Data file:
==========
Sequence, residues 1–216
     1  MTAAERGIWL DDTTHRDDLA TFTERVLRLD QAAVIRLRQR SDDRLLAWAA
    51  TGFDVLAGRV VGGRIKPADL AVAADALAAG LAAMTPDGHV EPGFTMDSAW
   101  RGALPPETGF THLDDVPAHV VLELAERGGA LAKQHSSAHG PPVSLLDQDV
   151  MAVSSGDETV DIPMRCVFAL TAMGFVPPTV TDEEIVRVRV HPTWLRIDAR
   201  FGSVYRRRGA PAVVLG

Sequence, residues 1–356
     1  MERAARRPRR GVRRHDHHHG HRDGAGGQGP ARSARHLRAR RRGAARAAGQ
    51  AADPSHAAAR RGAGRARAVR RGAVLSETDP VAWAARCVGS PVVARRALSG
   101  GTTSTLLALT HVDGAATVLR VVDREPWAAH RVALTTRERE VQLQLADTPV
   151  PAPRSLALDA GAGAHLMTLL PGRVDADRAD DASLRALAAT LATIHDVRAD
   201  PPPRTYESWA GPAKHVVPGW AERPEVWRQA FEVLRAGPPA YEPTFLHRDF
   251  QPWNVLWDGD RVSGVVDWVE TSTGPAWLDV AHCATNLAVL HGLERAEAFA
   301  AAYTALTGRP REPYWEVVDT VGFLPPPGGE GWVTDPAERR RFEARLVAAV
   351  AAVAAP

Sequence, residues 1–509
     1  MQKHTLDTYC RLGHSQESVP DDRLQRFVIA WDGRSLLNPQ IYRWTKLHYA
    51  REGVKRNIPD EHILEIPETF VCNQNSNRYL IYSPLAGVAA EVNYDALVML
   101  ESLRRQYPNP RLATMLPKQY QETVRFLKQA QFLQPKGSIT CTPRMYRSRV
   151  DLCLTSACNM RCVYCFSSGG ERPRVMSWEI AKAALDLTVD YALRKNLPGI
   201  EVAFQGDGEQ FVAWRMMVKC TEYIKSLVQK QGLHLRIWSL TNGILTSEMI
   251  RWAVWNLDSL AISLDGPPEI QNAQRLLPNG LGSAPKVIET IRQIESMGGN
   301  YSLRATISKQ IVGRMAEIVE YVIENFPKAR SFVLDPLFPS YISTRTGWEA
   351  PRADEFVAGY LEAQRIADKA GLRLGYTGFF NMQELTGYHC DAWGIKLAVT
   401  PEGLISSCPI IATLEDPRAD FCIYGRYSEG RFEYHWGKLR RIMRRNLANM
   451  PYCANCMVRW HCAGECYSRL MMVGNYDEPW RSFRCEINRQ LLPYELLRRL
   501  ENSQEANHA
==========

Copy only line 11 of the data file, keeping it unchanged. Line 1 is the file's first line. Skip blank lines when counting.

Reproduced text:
   151  PAPRSLALDA GAGAHLMTLL PGRVDADRAD DASLRALAAT LATIHDVRAD